23 Facts, figures and myths Source: Prices : Cunningham, Larry D. (1998), Tantalum. In: Metals Prices 1998, United States Geological Survey (USGS), Washington DC, pp Prices : USGS, Washington DC (various years), Tantalum. In: Minerals Yearbook. Figure 1.1 Tantalum price movements in 2007 dollars per pound, tantalum became widely used in the industries for which it is known today: consumer electronics, chemicals, aerospace and machinery manufacturing. Prices fluctuated, however, as supply and demand never quite matched up. Prices declined from the late 1960s through to the early 1970s, but concerns about declining supply in the 1970s resulted in rapid price increases at the end of the decade. The years saw a price spike and crash. High prices during the boom caused industry to look for substitutes for tantalum, increased recycling of tantalum, and were the catalyst for exploration to identify new deposits. After declining in the mid- 1980s, prices increased through to 1988, only to decline again into the early 1990s. Prices remained constant until 2000 when the price soared and coltan fever took hold across eastern DRC, only to crash in Prices then remained steady for the rest of the decade. Figure 1.1 shows movements in tantalum prices from 1960 to Prices reflect the year- end price of tantalum on the international spot market, and not the price of tantalum sold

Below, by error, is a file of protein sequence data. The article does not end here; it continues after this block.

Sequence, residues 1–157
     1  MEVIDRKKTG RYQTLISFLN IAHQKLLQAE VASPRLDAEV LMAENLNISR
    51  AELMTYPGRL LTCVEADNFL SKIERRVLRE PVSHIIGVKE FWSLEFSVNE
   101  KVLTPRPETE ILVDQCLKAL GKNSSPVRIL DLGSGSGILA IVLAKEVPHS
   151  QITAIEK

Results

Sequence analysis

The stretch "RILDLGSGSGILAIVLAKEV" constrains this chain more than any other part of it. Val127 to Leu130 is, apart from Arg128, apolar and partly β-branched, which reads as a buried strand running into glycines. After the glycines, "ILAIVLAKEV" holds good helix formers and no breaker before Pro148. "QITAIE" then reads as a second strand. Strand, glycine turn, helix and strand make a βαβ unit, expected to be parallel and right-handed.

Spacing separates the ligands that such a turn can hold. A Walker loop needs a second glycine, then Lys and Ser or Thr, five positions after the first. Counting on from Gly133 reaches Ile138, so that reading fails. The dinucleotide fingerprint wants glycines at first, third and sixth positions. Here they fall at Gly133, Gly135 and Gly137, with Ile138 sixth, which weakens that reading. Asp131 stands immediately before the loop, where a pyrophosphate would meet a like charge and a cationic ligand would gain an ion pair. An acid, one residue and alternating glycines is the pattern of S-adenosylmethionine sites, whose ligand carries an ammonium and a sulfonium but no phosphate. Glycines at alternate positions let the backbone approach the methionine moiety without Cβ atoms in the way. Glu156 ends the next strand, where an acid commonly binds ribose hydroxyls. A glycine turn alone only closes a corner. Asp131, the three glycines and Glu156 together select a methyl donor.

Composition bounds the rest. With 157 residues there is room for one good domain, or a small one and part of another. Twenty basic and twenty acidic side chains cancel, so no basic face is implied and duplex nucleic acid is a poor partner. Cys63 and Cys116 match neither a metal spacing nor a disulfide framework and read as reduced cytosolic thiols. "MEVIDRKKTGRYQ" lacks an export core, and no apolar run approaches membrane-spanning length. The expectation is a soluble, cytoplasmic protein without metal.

24 12 Coltan through forward contracts (see chapter 2 for a discussion of spot markets and forward contracts). Prices are in dollars per pound, expressed in 2007 dollars. Price booms Coltan came to the attention of the general media in 2001 when reports began filtering in of warlords in the Congo earning enormous profits from a rare mineral and a frenzied coltan rush of miners into the jungle to exploit deposits. Links were made between the high prices tantalum was fetching on the international market, Western consumers demand for the latest electronic gadget (the hot item for Christmas 2000 was Sony s PlayStation2) and the profiting by armed groups from sales of coltan. As shown in Figure 1.1, prices did indeed soar. In early 2000 tantalite ore was selling at between $30 and $40 per pound, by September 2000 it was selling for over $100 per pound, and by December 2000 it was selling for up to $300 per pound, depending on the concentration of tantalum pentoxide. By October 2001 prices were back to between $30 to $40 per pound. The price boom was widely reported as being caused by a shortage of tantalum, which in turn was blamed for the scarcity of PlayStation2 before Christmas In fact, the price rise was caused more by speculation than by any real shortage of tantalum. What appears to have happened is this: in the late 1990s there was a surge in demand for consumer electronic devices. New products including second- generation mobile phones, gaming platforms and ultra- light laptops came onto the market and proved very popular. These devices used tantalum capacitors. The major tantalum processors, Cabot and H.C. Starck, knew this meant there would be future growth in markets for tantalum base products, especially